Then came the strangest thing of all, he stopped teaching and refused to take on a pupil. he still continued to walk by the rivers edge and to go up into the hills at night time, and to disappear on occasions. Then he bought a farm and built a house and worst of all, he fell in love.

The girl who plucked his heart strings was an erstwhile pupil, a good looking, wee-built girl. While he was madly in love with her, she had her heart somewhere else, but she realised that if she played the game and pretended to love him she might learn the secret as to where he got his riches. The story goes that she played him like a fisherman would play a salmon and eventually he told her. He told her that in his wanderings by the rivers he had noticed when the sun was setting in the evening there was a stream which glistened as the sun rays struck it.

He investigated the cause of this yellow colour in the stream and realised it was gold. He gathered as much as he could without drawing attention to anyone and disposed of it in Dublin.

He had spent several evenings 'panning' for the gold and when it began to run scarce in the stream he had gone to Dublin and transferred it into hard cash. As soon as he realised that she now knew the secret and would tell her boyfriend he made up his mind that others would know as well as her, and he published his story of the finding of the gold.

It was this story that started the Wicklow Gold Rush, as it was called. It is thought that in the next two months about 2,500 ounces of gold was got from the stream by those seeking a fortune. (This would be about £10,000 at that time). Donaghoo (that was the teachers name) might never have told anyone had it not been for the fickle girl whom he had trusted (it might be a lesson for a lot of boyfriends).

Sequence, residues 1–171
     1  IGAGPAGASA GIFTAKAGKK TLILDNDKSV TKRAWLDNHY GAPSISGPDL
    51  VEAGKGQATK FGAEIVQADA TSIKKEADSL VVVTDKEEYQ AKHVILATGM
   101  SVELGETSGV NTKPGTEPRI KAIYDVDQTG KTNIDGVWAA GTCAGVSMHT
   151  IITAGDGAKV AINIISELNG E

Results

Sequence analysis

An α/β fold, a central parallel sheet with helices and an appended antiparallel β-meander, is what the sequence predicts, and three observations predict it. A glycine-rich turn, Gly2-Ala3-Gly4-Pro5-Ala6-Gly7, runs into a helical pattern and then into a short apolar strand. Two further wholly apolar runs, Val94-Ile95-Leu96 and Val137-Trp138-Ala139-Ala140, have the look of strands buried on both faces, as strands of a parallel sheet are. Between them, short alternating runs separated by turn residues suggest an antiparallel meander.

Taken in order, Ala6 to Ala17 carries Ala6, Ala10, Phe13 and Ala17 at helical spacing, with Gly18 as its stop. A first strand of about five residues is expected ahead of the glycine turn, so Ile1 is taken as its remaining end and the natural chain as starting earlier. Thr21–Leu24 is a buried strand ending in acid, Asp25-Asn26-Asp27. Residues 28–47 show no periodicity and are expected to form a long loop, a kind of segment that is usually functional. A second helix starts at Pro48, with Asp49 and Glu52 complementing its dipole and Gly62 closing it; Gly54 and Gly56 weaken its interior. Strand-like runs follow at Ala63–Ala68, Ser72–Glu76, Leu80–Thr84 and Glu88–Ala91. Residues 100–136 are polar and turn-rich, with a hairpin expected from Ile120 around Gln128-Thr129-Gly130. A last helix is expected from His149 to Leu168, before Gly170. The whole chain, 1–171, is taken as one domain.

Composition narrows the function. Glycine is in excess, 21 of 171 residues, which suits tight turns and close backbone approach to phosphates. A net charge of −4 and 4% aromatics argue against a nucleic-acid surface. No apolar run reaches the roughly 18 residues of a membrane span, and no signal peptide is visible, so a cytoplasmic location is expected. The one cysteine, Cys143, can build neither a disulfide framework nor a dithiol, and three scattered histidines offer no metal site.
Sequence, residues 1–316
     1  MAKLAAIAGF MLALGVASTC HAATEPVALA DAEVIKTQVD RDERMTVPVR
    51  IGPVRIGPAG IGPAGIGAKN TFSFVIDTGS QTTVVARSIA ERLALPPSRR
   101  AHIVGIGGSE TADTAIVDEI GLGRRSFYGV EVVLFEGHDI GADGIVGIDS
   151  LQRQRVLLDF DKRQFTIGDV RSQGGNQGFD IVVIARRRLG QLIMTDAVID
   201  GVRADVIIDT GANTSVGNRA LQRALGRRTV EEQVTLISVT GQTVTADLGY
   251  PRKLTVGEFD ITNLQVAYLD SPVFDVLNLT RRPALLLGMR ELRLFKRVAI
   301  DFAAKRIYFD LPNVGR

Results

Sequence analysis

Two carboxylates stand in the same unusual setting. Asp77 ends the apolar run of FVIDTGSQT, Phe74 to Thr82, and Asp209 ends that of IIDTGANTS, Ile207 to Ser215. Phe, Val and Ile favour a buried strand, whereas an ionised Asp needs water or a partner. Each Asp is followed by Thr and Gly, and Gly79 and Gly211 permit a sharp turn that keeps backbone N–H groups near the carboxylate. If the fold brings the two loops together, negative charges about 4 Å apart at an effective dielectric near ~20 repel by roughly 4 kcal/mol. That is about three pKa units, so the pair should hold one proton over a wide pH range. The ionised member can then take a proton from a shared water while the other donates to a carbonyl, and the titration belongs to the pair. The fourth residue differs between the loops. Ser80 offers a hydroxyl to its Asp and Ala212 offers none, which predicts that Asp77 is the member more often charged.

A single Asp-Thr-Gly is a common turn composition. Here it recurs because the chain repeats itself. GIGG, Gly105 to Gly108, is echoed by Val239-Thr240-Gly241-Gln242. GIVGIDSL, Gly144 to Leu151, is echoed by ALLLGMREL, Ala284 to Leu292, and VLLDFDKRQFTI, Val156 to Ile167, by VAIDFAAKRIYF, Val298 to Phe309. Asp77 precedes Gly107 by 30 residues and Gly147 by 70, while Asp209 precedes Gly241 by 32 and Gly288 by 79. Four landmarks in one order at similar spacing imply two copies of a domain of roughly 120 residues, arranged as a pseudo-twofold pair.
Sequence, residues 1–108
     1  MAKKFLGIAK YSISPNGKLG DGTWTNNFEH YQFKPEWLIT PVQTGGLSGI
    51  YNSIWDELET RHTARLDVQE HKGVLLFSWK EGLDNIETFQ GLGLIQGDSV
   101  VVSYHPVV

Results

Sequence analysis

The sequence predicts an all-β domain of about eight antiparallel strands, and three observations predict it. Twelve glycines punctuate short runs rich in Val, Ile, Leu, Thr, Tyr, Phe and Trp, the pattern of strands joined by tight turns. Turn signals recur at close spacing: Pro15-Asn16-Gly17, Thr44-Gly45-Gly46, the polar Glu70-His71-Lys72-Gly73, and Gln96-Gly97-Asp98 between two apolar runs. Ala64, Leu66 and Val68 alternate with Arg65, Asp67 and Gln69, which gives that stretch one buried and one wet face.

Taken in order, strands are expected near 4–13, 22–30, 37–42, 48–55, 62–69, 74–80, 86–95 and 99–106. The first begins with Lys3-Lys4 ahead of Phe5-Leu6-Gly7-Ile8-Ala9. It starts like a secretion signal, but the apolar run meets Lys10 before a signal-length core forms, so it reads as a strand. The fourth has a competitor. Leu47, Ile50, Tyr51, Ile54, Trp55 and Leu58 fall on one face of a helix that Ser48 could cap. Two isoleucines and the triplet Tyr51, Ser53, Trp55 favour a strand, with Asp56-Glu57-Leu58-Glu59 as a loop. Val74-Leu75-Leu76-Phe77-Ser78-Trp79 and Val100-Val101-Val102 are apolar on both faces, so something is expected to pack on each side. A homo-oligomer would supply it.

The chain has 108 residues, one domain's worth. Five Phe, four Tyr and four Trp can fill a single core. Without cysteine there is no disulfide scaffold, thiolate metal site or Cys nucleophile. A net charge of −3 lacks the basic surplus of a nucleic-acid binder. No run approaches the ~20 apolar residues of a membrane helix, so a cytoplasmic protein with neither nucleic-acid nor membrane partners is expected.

Later two companies of Kildare Militia then took over the ground on government orders, to have the streams investigated by experts.

Then came the Rising of 1798 and the work was abandoned.

During their time there the experts only got about £3,500. Although some locals went on the hunt after the Rising they got some gold but nothing like what had been in the streams in the early days. In 1840 a company based in London took a lease of the district and commenced a search of the area. The man in charge of the search was an experienced miner from Cornwall and about 60 people, mostly girls were employed for a few years in the search. Although they did get gold during that time it just about covered their expenses and they ceased operations.

There is still the odd bit of gold found in the muck and sand in the Ballinavalley stream and other places, but far too little to encourage a serious search. There are those who say that once even a bit of gold, let it be the size of a pinhead, is coming down there had to be a 'mother load' somewhere in the mountains. Possibly well under ground, and that it will be found.

If that ever happens we can be sure that some lucky person will say that there is more than "Sunrise on the Wicklow Hills".

Courtesy of Willie White and The Carlow Nationalist